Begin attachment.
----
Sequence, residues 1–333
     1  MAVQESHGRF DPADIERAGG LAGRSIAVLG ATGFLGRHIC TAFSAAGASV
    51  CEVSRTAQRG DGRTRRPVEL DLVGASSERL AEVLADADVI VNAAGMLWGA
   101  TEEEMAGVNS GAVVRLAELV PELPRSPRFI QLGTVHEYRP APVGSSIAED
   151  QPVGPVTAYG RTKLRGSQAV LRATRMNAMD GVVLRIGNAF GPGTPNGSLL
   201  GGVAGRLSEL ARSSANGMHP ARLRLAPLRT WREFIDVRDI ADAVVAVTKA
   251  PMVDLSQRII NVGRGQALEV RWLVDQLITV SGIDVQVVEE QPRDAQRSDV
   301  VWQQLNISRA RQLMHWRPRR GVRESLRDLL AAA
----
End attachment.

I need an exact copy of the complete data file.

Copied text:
Sequence, residues 1–333
     1  MAVQESHGRF DPADIERAGG LAGRSIAVLG ATGFLGRHIC TAFSAAGASV
    51  CEVSRTAQRG DGRTRRPVEL DLVGASSERL AEVLADADVI VNAAGMLWGA
   101  TEEEMAGVNS GAVVRLAELV PELPRSPRFI QLGTVHEYRP APVGSSIAED
   151  QPVGPVTAYG RTKLRGSQAV LRATRMNAMD GVVLRIGNAF GPGTPNGSLL
   201  GGVAGRLSEL ARSSANGMHP ARLRLAPLRT WREFIDVRDI ADAVVAVTKA
   251  PMVDLSQRII NVGRGQALEV RWLVDQLITV SGIDVQVVEE QPRDAQRSDV
   301  VWQQLNISRA RQLMHWRPRR GVRESLRDLL AAA